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Welsh town elects nonbinary mayor in a historic first

Gender: The Space Between
CBS Reports presents Gender - The Space Between 30:51

A 23-year-old in Wales made history when he was elected mayor of Bangor City this week: Owen J. Hurcum is believed to be the first non-binary mayor in the world. 

"When I came out two years ago I was so worried I'd be ostracized by my community or worse," Hurcum tweeted on Monday. "Today my community elected me Mayor of our great City. The youngest ever Mayor in Wales. The first ever openly Non-Binary Mayor of any city anywhere. Beyond humbled."

Hurcum, who identifies as genderqueer or agender, was elected by council members on Bangor City Council, according to BBC News. Hurcum thanked fellow council members for their support after they experienced online abuse.

In March, Hurcum actually withdrew from the Plaid Cymru party, saying the party "continues to platform those who promote transphobia," according to BBC News. 

Hurcum accused Helen Mary Jones, a member of the party, of "perpetrating transphobia" after tweeting about her opposition to changes to the Gender Recognition Act, saying it would impact the rights of women and girls, BBC News reports.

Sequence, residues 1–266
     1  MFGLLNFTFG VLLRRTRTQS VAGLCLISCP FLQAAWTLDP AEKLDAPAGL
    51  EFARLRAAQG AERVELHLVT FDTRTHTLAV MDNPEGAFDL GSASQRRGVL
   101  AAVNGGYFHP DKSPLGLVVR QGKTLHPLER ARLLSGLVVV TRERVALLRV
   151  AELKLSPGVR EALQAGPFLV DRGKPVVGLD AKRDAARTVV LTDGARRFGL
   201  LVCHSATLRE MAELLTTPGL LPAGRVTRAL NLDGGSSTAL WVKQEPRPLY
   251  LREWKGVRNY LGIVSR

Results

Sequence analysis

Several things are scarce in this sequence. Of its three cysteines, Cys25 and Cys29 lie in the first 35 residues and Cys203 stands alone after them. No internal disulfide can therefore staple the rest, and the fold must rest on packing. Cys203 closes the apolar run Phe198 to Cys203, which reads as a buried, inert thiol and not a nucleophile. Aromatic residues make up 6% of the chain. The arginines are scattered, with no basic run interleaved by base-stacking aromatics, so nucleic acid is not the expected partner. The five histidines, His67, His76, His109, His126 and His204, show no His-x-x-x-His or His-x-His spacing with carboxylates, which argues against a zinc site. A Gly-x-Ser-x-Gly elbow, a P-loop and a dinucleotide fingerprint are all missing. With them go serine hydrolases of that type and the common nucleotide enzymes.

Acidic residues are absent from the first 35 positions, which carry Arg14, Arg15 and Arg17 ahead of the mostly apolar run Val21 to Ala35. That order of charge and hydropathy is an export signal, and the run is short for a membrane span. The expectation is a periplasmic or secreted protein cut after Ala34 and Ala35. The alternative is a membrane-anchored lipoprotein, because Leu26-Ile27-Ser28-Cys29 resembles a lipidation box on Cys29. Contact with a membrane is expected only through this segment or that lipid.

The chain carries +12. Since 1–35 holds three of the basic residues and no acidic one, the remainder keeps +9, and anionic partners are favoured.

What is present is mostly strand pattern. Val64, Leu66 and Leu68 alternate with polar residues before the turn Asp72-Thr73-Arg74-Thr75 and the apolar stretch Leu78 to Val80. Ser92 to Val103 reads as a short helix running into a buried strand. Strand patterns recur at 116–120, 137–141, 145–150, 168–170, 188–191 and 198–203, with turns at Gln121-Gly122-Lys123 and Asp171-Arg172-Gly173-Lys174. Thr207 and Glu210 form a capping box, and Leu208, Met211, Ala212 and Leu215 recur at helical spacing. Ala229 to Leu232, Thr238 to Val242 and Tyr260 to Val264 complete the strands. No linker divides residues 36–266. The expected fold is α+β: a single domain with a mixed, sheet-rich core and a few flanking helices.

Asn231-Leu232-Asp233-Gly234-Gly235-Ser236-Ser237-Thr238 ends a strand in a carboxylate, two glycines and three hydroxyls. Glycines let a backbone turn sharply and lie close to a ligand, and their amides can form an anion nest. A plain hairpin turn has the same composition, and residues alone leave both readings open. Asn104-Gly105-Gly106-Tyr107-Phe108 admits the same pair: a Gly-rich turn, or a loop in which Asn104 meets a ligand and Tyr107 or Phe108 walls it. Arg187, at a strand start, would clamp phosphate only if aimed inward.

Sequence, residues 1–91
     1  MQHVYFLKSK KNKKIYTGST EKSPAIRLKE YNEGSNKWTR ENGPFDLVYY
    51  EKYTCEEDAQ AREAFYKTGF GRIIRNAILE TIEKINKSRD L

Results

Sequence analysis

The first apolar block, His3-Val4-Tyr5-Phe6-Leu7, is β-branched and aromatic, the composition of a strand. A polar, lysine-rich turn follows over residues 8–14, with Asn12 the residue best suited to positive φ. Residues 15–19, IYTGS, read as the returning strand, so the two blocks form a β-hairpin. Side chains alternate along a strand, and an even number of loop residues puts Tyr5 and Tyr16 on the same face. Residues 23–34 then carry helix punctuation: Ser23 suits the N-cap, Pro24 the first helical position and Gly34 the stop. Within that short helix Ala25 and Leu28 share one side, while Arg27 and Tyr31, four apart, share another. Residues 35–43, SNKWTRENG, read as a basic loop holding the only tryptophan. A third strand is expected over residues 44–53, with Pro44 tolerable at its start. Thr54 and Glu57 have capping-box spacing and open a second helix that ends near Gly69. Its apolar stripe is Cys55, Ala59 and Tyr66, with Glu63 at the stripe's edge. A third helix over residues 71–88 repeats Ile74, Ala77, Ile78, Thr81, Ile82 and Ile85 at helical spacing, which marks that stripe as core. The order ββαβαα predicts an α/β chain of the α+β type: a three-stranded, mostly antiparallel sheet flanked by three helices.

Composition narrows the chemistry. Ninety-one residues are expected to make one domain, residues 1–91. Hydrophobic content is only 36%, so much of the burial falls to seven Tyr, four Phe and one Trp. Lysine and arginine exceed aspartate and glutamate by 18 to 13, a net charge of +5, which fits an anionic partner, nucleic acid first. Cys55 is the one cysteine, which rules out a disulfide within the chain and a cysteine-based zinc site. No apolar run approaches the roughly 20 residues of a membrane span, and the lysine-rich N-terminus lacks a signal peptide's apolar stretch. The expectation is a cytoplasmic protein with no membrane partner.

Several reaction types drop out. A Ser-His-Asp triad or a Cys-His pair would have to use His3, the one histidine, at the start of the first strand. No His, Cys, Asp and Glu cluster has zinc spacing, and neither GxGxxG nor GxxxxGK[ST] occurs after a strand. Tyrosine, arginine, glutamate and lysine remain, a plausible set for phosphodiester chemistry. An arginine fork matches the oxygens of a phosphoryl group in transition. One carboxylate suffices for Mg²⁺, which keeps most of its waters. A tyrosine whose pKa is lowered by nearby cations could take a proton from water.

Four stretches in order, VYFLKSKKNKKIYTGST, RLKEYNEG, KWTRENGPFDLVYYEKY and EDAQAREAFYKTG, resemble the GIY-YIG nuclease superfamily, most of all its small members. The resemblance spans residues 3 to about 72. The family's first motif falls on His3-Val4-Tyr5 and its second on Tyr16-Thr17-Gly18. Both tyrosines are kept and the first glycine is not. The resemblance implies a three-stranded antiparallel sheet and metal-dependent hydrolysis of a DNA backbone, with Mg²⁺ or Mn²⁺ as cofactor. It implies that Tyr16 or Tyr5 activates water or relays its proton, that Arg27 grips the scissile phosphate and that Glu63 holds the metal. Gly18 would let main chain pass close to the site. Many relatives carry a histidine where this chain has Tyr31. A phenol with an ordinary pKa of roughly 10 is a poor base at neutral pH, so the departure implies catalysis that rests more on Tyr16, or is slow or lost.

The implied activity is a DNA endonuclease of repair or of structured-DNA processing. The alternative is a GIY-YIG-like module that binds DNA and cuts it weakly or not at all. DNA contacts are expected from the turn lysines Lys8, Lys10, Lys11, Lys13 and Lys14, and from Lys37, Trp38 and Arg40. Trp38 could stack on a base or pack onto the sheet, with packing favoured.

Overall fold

Hurcum also criticized the party's leader, Adam Price, of failing to act.

After leaving the party, council members asked Hurcum to enter the mayoral race, because they felt Hurcum would be a good representative for the city. Hurcum told BBC Radio Wales this was a shock.

While they may be young, they served as a councillor for five years and a deputy mayor for one year. And while Bangor City might not be a hub of metropolitan tolerance, Hurcum said they were able to live true to their identity.

"And the council has been fantastic," Hurcum told BBC Radio Wales. "There was a trepidation because, obviously, local government has this unfair reputation of possibly being old and backwards, and I was worried that those views may come from fellow councillors.

"But I have had the exact opposite. Every single councillor has been extremely supportive, and the previous mayor has called me when he has seen that I have been getting hate online, and he has said he is there if I need him," they said. "It has been really nice."

In regards to some of the abuse they have experienced online, Hurcum said it was "difficult" and "disheartening," but they found stupidity funny. "They may say I have low testosterone or I am effeminate or I look like a woman," Hurcum said of online commenters. "I am like, 'Oh my God, you are trying to insult me by calling me feminine, even though I am explicitly telling you that I have feminine traits, that I want to celebrate because I am non-binary?'"

"As I said, there is a fantastic team of councillors and friends who support me through that, and if I get hate comments, it is worth it when I get all the nice comments as well, or know that I have helped one individual person feel more comfortable in their own skin," they said. 

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